Usage could be as simple as:

stats = DateTimeStat(os.stat(...))

Size Format

This shouldn't be on the class. If you want to format a number that is in bytes then define a function, not a method, to do this for you. This has the benefit of you being able to pass any number from any origin to the function and it will still happily work, DRYing up your code.

There are three common prefixes schemes when denoting binary sizes.

  • Metric (SI) prefixes - These are base 1000 and are the units you see pretty much everywhere in science. Much like I can have 1km, I have have 1kB. Which means 1000unit.
  • ISO binary prefix - There are base 1024 and are common when addressing binary data. The kibibyte, KiB, is 1024B.
  • JEDEC prefixes - These are discouraged by IEEE as they are confusing. It's not immediately apparent if you are using SI or JEDEC prefixes. These are base 1024 and only define the K, M, G prefixes.

I suggest you stick to SI with base 1000 and ISO with base 1024.
An example of all of them, 1Mib is 131.072kB and 128KB.

import functools

def size_format(size, base, units):
    for unit in units:
        if size < base:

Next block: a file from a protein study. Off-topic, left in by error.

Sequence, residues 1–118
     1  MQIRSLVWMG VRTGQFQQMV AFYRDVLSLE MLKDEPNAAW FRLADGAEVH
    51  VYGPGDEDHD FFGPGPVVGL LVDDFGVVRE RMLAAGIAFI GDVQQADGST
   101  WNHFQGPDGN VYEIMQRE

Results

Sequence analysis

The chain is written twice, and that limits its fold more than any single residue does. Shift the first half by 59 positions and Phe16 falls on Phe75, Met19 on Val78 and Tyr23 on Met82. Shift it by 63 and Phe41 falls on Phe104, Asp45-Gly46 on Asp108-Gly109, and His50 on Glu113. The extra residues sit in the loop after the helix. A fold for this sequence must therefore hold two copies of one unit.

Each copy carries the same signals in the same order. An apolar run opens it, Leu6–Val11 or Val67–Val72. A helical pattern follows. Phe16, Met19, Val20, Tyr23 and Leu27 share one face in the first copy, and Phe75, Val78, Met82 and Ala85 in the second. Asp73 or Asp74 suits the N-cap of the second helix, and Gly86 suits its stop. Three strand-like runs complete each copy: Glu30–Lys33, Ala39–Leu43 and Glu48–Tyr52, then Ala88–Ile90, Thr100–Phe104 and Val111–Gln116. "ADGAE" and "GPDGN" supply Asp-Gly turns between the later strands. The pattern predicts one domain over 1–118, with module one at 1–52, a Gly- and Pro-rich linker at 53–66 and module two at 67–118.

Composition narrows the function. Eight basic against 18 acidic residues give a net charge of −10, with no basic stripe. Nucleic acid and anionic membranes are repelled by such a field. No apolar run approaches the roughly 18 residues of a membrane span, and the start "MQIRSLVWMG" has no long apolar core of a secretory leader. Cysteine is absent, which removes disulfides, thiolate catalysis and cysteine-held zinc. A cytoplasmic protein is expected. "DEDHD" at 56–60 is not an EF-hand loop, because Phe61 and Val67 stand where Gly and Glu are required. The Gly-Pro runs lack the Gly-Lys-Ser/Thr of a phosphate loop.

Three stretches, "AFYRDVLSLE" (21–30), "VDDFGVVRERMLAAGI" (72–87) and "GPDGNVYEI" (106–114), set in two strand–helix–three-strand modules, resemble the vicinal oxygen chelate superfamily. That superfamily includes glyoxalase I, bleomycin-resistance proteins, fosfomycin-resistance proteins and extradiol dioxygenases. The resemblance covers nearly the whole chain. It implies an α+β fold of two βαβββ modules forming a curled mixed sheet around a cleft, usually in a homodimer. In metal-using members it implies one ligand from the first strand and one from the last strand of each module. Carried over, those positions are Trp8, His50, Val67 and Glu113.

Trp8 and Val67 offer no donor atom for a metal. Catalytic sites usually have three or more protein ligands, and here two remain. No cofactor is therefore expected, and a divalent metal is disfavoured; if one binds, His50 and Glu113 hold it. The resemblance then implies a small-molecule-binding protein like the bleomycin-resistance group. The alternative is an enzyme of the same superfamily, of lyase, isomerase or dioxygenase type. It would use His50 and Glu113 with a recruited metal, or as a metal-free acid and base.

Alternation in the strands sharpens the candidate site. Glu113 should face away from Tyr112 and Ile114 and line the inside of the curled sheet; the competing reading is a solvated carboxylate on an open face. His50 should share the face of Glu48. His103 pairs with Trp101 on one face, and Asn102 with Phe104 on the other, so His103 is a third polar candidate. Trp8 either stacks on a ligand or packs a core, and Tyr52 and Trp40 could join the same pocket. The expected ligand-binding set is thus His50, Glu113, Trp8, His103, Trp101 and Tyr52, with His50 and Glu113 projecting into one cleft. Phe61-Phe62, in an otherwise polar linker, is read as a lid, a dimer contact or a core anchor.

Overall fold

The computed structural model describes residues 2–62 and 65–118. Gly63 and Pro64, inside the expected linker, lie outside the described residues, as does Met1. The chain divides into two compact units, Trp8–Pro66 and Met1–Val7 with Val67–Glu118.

size /= base
    return size, unit

size_bytes_format = functools.partial(
    units='B kB MB GB TB YB'.split(),
size_ibytes_format = functools.partial(
    units='B KiB MiB GiB TiB YiB'.split(),


I can't see this function being that useful. Even if I can't see a use, I wouldn't recommend adding it to the class. This is just a simple for loop. It's reasonable, and probably more readable, to defer this to the client code.


Given all the above I would remove all the operations that act on an opened file. And it would result in the following class.

class Path(pathlib.Path):
    def unzip(self, destination=None):
        if destination is None:
            destination = self.parent
        with zipfile.ZipFile(self, 'r') as target:
            return target.extractall(destination)

    def copy(self, destination):
        return shutil.copy(self, destination)

File interactions

As stated earlier you shouldn't open the file in Path. I don't really see much benefit your class has over just using open. For example, it doesn't allow streaming and is pretty memory intense.

How is your code better than open and how is open better than your code?